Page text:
Myles Gaskin, the pick here, fits the “lightning” mold. Gaskin will place top three in the Combine forty (Love, Josh Jacobs, and Trayveon Williams are his likely competitors). He entered this season as the FBS’s active leader in career rushing yards (16th all-time), and remained so this year, logging his fourth 1,000-yard season.
Gaskin might have declared early last year, except that his 2018 draft projection disappointed him, and he wants to prove the NFL experts wrong. That’s motivation. A player known for his outstanding work ethic and character, Gaskin has keen vision, experience, and fluid lateral agility needed for those McCoy-like jump-cuts. Gaskin has 62 receptions on the season, a Daboll requirement for Bills backs.
RD-4B #133-Anthony Johnson, Buffalo, WR
A Bull could become a Bill. Anthony Johnson could go a lot earlier now that he’ll get more exposure at the post-championship bowls. Johnson caught 7 passes for 124 yards and two first half TDs vs Northern Illinois in the MAC Championship, was just invited to participate in the Reese’s Senior Bowl.
Lack of previous exposure to any AP-ranked defenses and an earlier hamstring injury that nagged him have been the only knocks on Johnson. It’s obvious from video that Johnson plays fast against lesser competition. I’d like to see his Combine forty time before carving his name in stone. If Johnson is in the 4.5 range, hike him up this list, give him Stevie’s jersey, and save some fans some bucks. I got a closet full of ex-Bills jerseys.
RD-5A #143- Zach Gentry, Michigan, TE
Now, McBeane is entranced by measurables, and the 6’8″, 262 Gentry is elite in that regard. Moreover, Gentry caught 71.43% of his targets this year per NFL Savant, and reliability is what we didn’t have from any pass-catcher this year. Third, Gentry is deceptively fast, and as his Coach Patterson says, he’s easy to locate: “He’s a heck of a target”.
Think of that bonus in the back of an end zone or down a seam. Gentry was converted from a QB, so his understanding of the nuances of Daboll’s scheme will be an added plus. Watch Michigan’s Maryland game this year, and he’ll remind you of the way Reimersma sat down in green space. Add blocking (watch #83) to Gentry’s straight-line speed, always a help if you happen to have a running QB.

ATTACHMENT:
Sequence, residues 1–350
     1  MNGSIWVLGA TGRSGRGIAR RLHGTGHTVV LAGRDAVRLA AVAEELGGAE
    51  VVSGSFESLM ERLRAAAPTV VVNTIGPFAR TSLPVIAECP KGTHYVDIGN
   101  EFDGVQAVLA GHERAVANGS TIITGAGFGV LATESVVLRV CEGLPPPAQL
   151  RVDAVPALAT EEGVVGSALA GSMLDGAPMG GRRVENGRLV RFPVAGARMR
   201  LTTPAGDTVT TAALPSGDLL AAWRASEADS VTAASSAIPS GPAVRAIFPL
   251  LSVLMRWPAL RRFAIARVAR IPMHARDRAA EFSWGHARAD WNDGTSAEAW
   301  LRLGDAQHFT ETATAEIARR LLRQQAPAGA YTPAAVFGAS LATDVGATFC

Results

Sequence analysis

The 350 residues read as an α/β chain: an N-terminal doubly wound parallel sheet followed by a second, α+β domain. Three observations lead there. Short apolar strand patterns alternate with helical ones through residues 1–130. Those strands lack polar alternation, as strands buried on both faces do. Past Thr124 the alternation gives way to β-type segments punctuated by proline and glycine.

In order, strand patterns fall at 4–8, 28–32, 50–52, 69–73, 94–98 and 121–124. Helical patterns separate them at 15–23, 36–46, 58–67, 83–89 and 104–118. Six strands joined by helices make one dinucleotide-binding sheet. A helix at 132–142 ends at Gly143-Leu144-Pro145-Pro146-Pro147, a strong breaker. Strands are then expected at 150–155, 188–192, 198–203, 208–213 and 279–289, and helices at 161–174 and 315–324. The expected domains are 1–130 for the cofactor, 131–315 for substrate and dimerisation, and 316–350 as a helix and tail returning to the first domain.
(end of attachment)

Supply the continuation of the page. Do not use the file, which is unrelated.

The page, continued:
You’ll admire Gentry’s knack for going across the field and making difficult catches. Gentry has presence of mind out there, too, a hard-to-quantify seize-the-moment quality that makes a player opportunistic. Gentry’s still learning, but you see the potential to be great, and you can’t teach size.
RD-5B #160-Jalen Jelks, Oregon, DE/OLB
Now it’s time to take a high-ceiling player to learn under Lorenzo Alexander. I promised myself I wouldn’t mention that LoZo’s age is 35, and please, I’m not saying to cut him. I’d recommend that over the next year or so that he continue to be the player-coach for a young LB crew.
Jelks has the pass-rushing chops with that superior seal-the-edge, run-defender pursuit that Alexander still has. Beane likes to think ahead, and this guy’s it. Why isn’t Jelks going earlier than this if he’s so good?? He might, but many of us put him in that ‘tweener mold. If Jelks isn’t there, take Dewayne Hendrix from Pittsburgh, Porter Gustin from USC, or Anfernee Jennings from Alabama. Bills have been to their games, too.
RD-6 #180-Jordan Fuller, Ohio State, SS
He falls here because 2017 was his first season starting. Damon Webb (Titans UDFA) occupied his slot until then, but Fuller has exceeded Webb’s numbers in fewer games. I like other safeties here that the Bills have scouted (Andrew Wingard of Wyoming, Amani Hooker of Iowa), and they’ve met with coaches about big Chris Johnson at North Alabama.
RD-7A #224-Breiden Fehoko, LSU, DL5T
We might start looking for a backup for Lotulelei in RD6-7. Fehoko, a native of Hawaii, may not have seen snow, but he’s seen quarterbacks stretched out on the turf plenty of times.
Fehoko is solidly built with a low center of gravity and strong legs. He takes on double teams, pushes the pocket, occupies blockers, has strong mitts that won’t let go, gets in the backfield, and helps make stops. Fehoko is also surprisingly agile at 300 pounds.
RD-7B #247-Ben Powers, Oklahoma, OG
This pick hopefully doesn’t make sense by Week 16 of the regular season. Pro Football Focus ranked Iowa OT-turned-OG Ike Boettger 2nd overall among Bills’ starters in the loss at the Dolphins, and first against the pass. Wyatt Teller has improved in every single game he’s played per PFF.
If acquired Boettger begins to contribute like I think he can, and Wyatt Teller continues his upward vector, I’d think about WRS, DraftTek’s name for a Small, Speedy, Slot receiver like Johnnie Dixon, Noonie Murray, or Andy Isabella.
Editor’s babble: Thanks to Dean Kindig for his incredible contributions to our blog and keeping us up to speed on who we should be eye-balling for the NFL’s 2019 Draft. If you’re not following Dean on Twitter, you should do so because he’s simply awesome. You can find Dean on Twitter @TCBILLS_Astro.